Kurdish forces pushing back militants at Mosul dam

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Kurdish forces took control of most of Iraq's largest dam as the largest U.S. deployment of air power in the campaign helped reverse some of the gains made by Islamic State militants in the north.

The U.S. widened its airstrikes over the weekend and used bombers for the first time since the offensive began Aug. 8 to help secure the dam near Mosul, Iraq's largest northern city, that had been seized by the insurgents.

President Barack Obama for the first time authorized strikes for the purpose of protecting critical infrastructure, not just U.S. personnel or threatened Iraqi minorities.

He told Congress in a letter the action is consistent with the mission to safeguard Americans and U.S. facilities.

Kurdish forces, also known as the peshmerga, will have full control of the Mosul Dam in "just a matter of time," Fuad Hussein, the chief of staff for the Kurdish Regional Government's president Massoud Barzani, said by phone.

Kurdish forces were dismantling bombs placed near the main gates of the dam, he said.

The weekend action marked an escalation of U.S. involvement.

The few dozen strikes over the past week had been limited to protecting U.S. personnel near Irbil, the Kurdish regional capital, and attacking militants around Mount Sinjar, where thousands of Yazidi civilians had been trapped seeking refuge. While those strikes were aimed at stopping the advance of Islamic State forces, the weekend attacks near the Mosul dam marked the first effort at rolling back the militants' gains.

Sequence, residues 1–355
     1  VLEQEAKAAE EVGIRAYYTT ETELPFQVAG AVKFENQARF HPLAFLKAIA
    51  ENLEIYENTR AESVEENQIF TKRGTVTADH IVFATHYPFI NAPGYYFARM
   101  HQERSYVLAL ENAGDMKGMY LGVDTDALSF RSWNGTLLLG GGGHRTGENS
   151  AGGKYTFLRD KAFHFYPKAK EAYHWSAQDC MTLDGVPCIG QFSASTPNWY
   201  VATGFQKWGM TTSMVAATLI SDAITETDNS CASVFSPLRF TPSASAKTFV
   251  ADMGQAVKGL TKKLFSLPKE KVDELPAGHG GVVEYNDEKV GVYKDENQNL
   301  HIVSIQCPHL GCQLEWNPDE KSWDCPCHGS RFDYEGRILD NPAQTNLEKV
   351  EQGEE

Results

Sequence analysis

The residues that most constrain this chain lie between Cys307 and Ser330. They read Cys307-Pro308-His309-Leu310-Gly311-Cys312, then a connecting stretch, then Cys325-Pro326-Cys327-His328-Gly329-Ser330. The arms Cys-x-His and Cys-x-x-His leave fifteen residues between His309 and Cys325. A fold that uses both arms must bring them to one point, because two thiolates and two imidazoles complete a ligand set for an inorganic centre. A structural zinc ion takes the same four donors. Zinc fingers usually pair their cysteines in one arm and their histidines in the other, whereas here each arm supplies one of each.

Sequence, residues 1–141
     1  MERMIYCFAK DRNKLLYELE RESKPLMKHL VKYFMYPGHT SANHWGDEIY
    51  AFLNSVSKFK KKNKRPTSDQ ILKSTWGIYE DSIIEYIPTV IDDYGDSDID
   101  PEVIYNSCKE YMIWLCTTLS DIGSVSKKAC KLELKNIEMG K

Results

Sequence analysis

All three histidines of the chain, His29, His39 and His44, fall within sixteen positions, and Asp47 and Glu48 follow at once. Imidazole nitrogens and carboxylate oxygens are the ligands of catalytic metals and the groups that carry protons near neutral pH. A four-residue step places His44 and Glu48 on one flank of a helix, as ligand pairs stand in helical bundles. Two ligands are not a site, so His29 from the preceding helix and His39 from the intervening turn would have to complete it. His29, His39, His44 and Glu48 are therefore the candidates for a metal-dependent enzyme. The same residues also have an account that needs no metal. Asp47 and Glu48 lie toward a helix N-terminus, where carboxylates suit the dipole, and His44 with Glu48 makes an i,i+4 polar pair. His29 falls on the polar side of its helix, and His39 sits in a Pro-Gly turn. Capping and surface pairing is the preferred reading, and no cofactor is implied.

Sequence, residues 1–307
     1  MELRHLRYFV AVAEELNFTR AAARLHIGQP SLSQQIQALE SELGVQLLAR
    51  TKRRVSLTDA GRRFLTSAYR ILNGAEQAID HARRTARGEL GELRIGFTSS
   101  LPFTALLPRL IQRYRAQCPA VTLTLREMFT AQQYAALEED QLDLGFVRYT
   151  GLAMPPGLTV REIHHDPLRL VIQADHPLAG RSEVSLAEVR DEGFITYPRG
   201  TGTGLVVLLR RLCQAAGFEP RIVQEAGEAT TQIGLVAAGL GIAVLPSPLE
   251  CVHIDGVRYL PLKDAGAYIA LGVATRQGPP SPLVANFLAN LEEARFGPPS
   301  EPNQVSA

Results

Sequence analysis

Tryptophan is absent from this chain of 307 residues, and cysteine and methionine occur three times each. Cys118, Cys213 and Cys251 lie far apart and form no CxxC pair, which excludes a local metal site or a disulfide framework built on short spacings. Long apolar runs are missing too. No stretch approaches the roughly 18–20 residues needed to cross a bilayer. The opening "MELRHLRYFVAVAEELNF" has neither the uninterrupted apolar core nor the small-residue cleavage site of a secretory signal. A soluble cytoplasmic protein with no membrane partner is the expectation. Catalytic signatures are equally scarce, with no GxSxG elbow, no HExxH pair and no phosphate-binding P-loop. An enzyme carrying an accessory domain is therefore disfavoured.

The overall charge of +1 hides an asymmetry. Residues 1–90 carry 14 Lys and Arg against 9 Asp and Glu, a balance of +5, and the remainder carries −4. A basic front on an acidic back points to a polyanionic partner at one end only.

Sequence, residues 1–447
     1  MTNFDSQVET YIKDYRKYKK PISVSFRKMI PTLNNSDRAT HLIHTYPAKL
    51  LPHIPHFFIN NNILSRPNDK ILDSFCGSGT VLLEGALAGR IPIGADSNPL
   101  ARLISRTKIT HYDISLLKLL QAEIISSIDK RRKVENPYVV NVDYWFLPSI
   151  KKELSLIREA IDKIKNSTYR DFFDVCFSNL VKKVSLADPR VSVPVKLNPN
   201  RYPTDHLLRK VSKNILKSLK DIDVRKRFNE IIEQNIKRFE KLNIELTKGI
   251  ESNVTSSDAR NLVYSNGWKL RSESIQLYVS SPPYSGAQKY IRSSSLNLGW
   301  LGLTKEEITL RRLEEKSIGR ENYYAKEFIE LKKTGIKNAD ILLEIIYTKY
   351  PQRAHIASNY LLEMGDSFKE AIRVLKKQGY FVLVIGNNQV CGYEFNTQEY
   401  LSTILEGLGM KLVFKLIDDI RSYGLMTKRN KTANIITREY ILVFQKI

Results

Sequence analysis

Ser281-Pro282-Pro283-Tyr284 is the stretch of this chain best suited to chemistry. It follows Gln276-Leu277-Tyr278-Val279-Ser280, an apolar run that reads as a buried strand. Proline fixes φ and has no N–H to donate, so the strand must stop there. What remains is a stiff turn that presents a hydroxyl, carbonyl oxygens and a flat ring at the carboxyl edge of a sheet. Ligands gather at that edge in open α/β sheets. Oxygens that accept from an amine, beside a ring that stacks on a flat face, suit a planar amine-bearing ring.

In 14 strikes yesterday, the U.S. destroyed or damaged Islamic State armed vehicles, Humvees, armored personnel carriers and a checkpoint near the Mosul dam, by using a mix of fighter jets, bombers and armed drones, according to a statement from U.S. Central Command in Tampa.

Kurdish fighters, along with regular Iraqi forces and U.S. fighter jets, are seeking to rein in the Sunni insurgents known as the Islamic State, who have rampaged through OPEC's No. 2 oil producer, seizing border posts, beheading foes and targeting dams.

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The dam is the most important asset the Islamic State had captured since taking Nineveh province in June. The militants also control several oil and gas fields in western Iraq and eastern Syria.


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